For example, when Kant argues against the ontological proof of God, he argues neither for the existence of God nor for its non-existence. He only argues that the concept of God is not extendable to the existence of God because ‘existence’ cannot be predicated. In so far as ‘existence’ cannot be predicated, its actuality or facticity can only be for rational philosophy a presupposition. This presupposition is a point of beginning whose existence can only be deduced only if such an existence is already granted; only if such and such a being has already revealed itself. What then Kant’s philosophy shows, for Schelling, is the limit of negative philosophy, a limit that constitutes the possibility of negative philosophy. Schelling does not contest the possibility of negative philosophy, but precisely demands it however, on the condition that it recognizes this limit that is constitutive of it and does not pretend to be able to constitute itself as absolute system that includes the concept as well as existence of being. What Schelling finds problematic in Hegel is not that there should not be negative philosophy, but of Hegel’s claim to include existence in a system that is logical and purely negative system. For Schelling, Hegel’s extension of his negative notion of system to the Absolute totality without outside is without justification. For Schelling there always remains a remainder of such a system of negativity, which is the positivity of existence. Hegel’s system is founded upon purely negative relation of the finite being in relation to other finite beings where the unconditioned is supposed to be reached as a self-negation of negation. According to this conception, the unconditioned is the end result of a process of the self-cancellation of finite, conditioned entities. As early as 1804 in a lecture in Würzburg on The System of Philosophy in General Schelling contests this idea of the absolute as the end result of a process of the self-negation of finitude. According to Schelling, such a system is based upon a false premise and a presupposition. It presupposes to have reached the unity of being and thought, while it reaches such a unity merely in thought that means, only from negative side. It leaves out the pure actuality of existence whose unconditional character of its being cannot be merely the result of a dialectical process of the self-cancellation of finitude. Unlike Hegel’s claim, a purely negative philosophy cannot be presupposition-less. It presupposes what it cannot incorporate within its systemic edifice. This limitation of negative philosophy demands a positive philosophy that begins with the unconditionality of existence, with a prius whose existence can only be proved posteriori once there is a manifest world. Schelling called such a positive philosophy, “metaphysical Empiricism”. Hence the idea of a positive philosophy is where the ground is a presupposition. This presupposition is the unconditional existence of being whose pure actuality no rational knowledge based upon potentiality can ever attain. While the philosophical concept that is essentially concerned with essence can only elaborate the possibility of being, the actuality of being itself is beyond such categorical cognition, for the existence of this being exists as absolute freedom and not as a necessary consequence of a concept.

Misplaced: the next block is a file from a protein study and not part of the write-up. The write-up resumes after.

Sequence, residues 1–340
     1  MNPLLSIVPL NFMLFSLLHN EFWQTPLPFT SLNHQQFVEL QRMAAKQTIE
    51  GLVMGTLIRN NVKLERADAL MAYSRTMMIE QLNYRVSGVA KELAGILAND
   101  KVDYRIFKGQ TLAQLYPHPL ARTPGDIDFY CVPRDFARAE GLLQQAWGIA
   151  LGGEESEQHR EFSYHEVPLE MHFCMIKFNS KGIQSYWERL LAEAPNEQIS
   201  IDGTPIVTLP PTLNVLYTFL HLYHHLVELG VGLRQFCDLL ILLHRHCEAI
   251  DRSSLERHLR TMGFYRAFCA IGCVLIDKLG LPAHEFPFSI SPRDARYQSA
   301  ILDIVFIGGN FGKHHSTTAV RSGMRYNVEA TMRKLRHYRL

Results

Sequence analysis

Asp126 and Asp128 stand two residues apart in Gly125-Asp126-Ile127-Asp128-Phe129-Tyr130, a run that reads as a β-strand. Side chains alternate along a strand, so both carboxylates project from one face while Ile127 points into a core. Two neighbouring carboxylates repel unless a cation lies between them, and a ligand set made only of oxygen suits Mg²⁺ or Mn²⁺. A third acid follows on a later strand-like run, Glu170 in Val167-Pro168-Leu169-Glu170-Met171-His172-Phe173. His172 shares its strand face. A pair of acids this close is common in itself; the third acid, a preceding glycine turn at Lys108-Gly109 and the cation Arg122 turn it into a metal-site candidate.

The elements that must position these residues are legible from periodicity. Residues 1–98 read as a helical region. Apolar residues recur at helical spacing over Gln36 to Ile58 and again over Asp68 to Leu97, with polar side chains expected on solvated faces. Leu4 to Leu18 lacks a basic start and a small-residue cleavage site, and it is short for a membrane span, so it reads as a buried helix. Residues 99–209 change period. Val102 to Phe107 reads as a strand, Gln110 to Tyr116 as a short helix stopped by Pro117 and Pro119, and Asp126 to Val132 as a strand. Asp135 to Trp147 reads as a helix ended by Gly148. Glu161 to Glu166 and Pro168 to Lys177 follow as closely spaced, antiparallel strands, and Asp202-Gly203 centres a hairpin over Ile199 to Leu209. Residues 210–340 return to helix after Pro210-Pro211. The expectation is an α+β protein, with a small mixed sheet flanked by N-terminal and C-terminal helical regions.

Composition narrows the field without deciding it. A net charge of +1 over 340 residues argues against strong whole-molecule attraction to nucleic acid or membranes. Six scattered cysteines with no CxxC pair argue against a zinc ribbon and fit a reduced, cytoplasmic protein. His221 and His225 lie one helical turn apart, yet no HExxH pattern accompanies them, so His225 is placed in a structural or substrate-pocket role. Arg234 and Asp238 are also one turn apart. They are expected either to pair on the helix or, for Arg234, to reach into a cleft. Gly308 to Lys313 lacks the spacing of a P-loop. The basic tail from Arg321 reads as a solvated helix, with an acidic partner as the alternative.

Here the limit of the Idealist notion of system is reached. Schelling in these lectures shows that the (Hegelian ) notion of the Subject presupposes as its condition that which cannot be further grounded in the Subject itself. One then has to begin from the pure actuality of existence, from a facticity, which is already always before self-consciousness and before thought’s ability to grasp it in the concept. This immemoriality of the origin is the “exuberance of being” that elicits from us awe or respect ( Achtung), because it exposes us to the Infinite that unconditionally and groundlessly exists. It thereby exposes us to our own finitude and mortality.